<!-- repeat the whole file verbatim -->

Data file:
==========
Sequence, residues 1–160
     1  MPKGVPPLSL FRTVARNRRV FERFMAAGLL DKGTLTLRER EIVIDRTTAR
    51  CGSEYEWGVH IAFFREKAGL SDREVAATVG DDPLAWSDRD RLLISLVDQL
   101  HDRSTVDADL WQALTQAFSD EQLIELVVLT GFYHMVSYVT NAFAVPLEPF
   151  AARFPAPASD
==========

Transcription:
Sequence, residues 1–160
     1  MPKGVPPLSL FRTVARNRRV FERFMAAGLL DKGTLTLRER EIVIDRTTAR
    51  CGSEYEWGVH IAFFREKAGL SDREVAATVG DDPLAWSDRD RLLISLVDQL
   101  HDRSTVDADL WQALTQAFSD EQLIELVVLT GFYHMVSYVT NAFAVPLEPF
   151  AARFPAPASD